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UK veterinarians respond to delay of import checks on animals

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BVA warns delay could lead to serious implications for British agriculture, and open up a threat of the incursion of diseases such as African swine fever.

In a written ministerial statement issued today, Jacob Rees-Mogg, Minister for Brexit Opportunities, said that no further import controls on European Union goods will be introduced this year. The United Kingdom's Government will instead develop a "new regime of import controls," with a target introduction date by the end of 2023.

The British Veterinary Association says it has "repeatedly warned that delaying checks, which have already been pushed back three times, could have serious implications for animal health and British agriculture, and open up a threat of the incursion of diseases such as African swine fever."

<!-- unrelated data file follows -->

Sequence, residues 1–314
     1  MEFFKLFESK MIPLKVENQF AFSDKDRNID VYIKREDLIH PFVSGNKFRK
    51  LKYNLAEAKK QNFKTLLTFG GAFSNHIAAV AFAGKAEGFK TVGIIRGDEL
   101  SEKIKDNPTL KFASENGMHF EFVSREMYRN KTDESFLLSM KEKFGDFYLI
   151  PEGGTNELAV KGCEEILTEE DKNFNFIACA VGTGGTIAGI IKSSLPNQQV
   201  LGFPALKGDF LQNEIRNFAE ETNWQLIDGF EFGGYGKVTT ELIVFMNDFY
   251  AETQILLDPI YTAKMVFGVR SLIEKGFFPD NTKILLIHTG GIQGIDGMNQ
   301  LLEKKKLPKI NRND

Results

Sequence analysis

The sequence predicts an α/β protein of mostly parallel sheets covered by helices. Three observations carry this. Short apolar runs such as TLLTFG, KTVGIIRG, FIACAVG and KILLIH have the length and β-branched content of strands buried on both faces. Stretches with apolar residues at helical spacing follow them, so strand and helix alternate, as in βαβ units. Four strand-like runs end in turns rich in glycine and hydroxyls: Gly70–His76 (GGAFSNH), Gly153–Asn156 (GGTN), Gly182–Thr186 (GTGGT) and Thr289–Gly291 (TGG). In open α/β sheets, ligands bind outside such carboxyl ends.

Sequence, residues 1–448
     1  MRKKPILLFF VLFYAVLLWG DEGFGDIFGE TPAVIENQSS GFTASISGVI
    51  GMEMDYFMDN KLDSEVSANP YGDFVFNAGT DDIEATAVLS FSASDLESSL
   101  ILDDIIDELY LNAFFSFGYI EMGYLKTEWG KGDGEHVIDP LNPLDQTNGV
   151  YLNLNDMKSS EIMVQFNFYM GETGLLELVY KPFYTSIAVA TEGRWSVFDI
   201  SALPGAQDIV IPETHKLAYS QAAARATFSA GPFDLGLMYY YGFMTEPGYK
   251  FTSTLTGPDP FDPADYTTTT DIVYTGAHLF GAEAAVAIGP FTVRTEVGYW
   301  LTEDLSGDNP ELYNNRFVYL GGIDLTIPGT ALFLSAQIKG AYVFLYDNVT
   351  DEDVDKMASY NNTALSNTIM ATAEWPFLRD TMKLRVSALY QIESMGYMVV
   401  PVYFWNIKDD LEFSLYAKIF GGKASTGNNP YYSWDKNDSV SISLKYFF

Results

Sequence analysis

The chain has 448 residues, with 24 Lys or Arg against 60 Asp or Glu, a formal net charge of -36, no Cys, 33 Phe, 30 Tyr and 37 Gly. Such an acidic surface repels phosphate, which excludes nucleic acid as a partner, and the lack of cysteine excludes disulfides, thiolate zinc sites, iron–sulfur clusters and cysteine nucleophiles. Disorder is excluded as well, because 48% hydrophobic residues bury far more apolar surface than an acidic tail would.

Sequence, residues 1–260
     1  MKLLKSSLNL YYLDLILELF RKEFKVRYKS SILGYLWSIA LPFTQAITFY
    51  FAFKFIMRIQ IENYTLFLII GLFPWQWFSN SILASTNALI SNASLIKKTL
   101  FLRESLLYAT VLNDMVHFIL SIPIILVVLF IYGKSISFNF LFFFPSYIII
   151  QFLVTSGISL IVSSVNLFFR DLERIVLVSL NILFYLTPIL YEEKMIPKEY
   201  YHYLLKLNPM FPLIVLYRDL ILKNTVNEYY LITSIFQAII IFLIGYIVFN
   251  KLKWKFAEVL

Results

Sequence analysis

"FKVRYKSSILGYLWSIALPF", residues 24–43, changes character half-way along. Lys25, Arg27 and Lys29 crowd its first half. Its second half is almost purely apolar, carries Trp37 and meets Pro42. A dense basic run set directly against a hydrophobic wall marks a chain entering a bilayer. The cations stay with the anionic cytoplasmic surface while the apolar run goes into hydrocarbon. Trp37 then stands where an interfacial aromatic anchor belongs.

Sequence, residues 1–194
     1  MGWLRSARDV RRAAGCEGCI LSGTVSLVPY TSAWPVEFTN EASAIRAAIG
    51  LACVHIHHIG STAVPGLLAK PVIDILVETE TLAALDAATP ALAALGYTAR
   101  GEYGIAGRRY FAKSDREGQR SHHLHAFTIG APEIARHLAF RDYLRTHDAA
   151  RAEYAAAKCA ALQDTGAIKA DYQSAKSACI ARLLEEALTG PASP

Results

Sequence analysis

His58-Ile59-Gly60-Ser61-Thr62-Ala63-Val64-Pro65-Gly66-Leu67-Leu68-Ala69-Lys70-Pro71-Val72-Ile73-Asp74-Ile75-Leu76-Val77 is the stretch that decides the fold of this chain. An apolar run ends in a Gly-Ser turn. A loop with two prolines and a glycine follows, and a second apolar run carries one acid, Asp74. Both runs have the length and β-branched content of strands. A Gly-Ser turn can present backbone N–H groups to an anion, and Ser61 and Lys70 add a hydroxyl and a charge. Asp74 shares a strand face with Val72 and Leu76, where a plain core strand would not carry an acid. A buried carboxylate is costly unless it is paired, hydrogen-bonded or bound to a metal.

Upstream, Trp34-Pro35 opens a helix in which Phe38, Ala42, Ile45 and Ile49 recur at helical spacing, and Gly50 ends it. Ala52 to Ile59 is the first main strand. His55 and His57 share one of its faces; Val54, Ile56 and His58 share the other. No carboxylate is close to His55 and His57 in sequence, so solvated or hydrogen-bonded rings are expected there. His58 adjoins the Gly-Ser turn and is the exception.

"This move flies in the face not only of common sense, but also of the Government's commitment to preserving high levels of animal and human health in the UK," says James Russell, BVA senior vice president.

"Diseases such as African swine fever have already had a catastrophic impact on agriculture and animal health in parts of Europe and elsewhere globally. With the UK now being outside the EU's integrated and highly responsive surveillance systems, we have repeatedly warned that delaying veterinary checks further could weaken vital lines of defence against future incursions.

"To remove the requirement for checks entirely appears deeply misguided; we urge the Government to abandon these plans and close off the threat of causing significant damage to our food and farming industries. If not, the Government must urgently set out how it will safeguard animal health and welfare in the UK in the coming months."

Source: British Veterinary Assocation, which is solely responsible for the information provided, and wholly owns the information. Informa Business Media and all its subsidiaries are not responsible for any of the content contained in this information asset. 

TAGS: Biosecurity
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